At the time when copper engravings were used exclusively in the Institute, the plates were made by the galvano-plastic process with the aid of a twelve-cell, zinc-silver battery (system Smee). Now such plates are only made for the patrices in heliogravure. The last daguerreotype plates in the American market were also galvano-plastic.
Improvements introduced in the mechanical arts in modern times have also been introduced for the generation of the electric current in electrolytic operations. Magneto'electric and dynamo-electric machines have been substituted for the hydro-electric cell, by which the liberation of injurious gases and interruption of the work is entirely avoided, and more uniform and accurate work obtained. Machines for continuous currents are preferred with wire twists of considerable diameter, and wire of but little resistance, so as to generate a current great in quantity but of little intensity.
(6) Mantal, director of the stereotype foundry of Dupont's printing house, describes as follows the process of converting a lithographic or copper plate print into a typographic block. The composition to be reproduced is drawn with a crayon or pen upon a lithographic stone, which undergoes all the preparation necessary for a proof upon transfer paper. It is then transferred to a plate of properly planed zinc, which has been washed with a solution of soda or potash and dried with a rag. The transfer is made just as if it were a question of an impression upon stone. Care is taken to see that the fine lines of the drawing are all reproduced, and, if they are satisfactory, gum water, alone or with the addition of a decoction of nutgalls, is passed over the surface of the zinc. The gum combines with the zinc, and renders it proof against the contact of fatty matters.
After the plate has remained under gum for a little while, it is washed and then inked with thick ink by means of a lithographic roller, just as would be done for pulling a proof from stone. Then, by means of a cotton dabber, resin in impalpable powder is dusted over the entire surface - although finely powdered bitumen may likewise be used. This resinous dust adheres to the oily parts, solidifies them, lodges in all the interstices formed where the inking has been slight, and forms a protecting envelope against the penetration of the acid. Care is taken to remove all the superfluous resin.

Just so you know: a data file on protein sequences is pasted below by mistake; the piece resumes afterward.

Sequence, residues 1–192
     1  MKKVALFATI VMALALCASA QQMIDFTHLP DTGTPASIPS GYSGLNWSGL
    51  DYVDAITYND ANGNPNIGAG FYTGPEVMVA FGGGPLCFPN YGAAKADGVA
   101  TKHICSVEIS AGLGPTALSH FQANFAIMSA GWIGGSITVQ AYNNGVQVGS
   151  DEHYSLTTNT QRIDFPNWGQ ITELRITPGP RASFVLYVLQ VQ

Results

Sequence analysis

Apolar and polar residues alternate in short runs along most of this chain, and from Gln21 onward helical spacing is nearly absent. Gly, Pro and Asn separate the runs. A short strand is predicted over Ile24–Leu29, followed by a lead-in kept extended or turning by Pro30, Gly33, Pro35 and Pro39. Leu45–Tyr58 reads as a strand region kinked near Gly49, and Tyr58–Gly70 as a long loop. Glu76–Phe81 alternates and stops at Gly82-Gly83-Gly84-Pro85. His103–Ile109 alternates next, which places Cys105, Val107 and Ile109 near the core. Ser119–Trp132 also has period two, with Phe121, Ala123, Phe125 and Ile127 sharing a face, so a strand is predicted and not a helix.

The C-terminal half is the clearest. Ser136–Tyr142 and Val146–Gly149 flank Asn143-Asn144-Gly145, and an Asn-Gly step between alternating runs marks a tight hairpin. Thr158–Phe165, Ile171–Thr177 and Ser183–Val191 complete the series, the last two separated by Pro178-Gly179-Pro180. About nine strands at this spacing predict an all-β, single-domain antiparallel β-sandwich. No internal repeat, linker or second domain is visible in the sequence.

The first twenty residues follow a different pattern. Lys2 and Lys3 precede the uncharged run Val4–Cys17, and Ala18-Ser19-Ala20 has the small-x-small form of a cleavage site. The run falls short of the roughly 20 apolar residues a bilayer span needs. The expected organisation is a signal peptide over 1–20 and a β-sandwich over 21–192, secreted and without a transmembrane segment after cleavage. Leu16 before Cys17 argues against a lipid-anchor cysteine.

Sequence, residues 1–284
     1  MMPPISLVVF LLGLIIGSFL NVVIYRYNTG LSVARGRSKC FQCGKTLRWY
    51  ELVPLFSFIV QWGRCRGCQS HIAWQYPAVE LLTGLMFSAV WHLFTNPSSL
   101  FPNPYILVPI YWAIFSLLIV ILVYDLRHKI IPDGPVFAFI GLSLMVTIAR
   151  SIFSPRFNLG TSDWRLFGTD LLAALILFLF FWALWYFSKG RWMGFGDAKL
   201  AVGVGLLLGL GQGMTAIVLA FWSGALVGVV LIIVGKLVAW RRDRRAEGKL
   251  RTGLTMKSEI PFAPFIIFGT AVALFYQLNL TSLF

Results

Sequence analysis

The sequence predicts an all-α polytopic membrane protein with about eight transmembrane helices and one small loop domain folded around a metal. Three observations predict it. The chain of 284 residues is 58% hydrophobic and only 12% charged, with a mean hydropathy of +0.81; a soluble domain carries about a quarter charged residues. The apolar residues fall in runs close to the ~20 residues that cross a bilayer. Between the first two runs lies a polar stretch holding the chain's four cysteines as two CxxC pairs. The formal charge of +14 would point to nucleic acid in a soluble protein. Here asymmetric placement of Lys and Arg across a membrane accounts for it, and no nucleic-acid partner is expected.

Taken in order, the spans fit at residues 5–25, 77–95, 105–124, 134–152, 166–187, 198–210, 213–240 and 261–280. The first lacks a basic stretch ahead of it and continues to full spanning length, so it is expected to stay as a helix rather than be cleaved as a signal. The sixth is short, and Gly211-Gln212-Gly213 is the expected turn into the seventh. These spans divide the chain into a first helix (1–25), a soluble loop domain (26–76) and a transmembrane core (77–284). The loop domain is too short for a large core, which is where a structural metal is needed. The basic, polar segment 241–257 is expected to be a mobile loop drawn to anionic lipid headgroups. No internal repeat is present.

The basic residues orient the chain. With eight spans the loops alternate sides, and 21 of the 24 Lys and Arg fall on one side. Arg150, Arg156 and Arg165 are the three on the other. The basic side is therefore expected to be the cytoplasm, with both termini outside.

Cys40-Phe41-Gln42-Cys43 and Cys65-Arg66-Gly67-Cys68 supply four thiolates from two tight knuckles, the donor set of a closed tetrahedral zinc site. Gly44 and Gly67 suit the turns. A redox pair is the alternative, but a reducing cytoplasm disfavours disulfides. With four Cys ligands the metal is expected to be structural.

The edges and bottom of the plate are now covered with lac varnish or a solution of bitumen, after which it is immersed in a bath of water containing 5 per cent, of nitric acid. After remaining in this for 20 minutes, it is taken out and gently rubbed with a piece of soft charcoal - an operation which, by removing the first layer of ink, allows the beginning of the conversion of the drawing into a typographic plate to be seen.
This first biting in is usually very slight. If it has proceeded regularly, a second inking is given before immersing the plate in the bath again for another 20 minutes. Upon being taken out the second time the ink is removed as before, and the plate is examined to am whether the acid has done its duty. Then a third inking is given, and the plate is immersed again for 20 - 25 minutes.
At every biting in, the strength of the bath is increased 2°-3° by the acetometer. It is rarely the case that a fourth biting in is necessary. The trough containing the bath is of oak lined with either guttapercha or sheet lead. It is fixed upon a pivot that allows it to be given a continuous rocking motion while the plate is immersed. This agitation is indispensable in order that the acidulated water shall constantly flow over the plate and carry away the salts of zinc that are formed.
The transfer of the drawing from stone to the zinc plate is effected in a lithographic press. Only line drawings are treated by this process.
The zinc plates are prepared by specialists. Moreover, if it be desired to write, draw, or make a transfer upon a zinc plate, it is essential that the latter shall undergo various preparations, such as polishing, scouring, etc. If these operations have been properly performed there will be, obtained good typographic plates that it will be only necessary to mount upon wood after the whites have been routed out. Finally, the blisters are removed with a graver, all the inequalities are straightened out, and all the small defects observed are remedied. As for typographic plates derived from an engraving on steel or copper, instead of making a drawing upon stone, the engraving is transferred thereto, and from this is pulled a proof upon India paper, which is transferred to the zinc plate. (Chronique Industrielle.)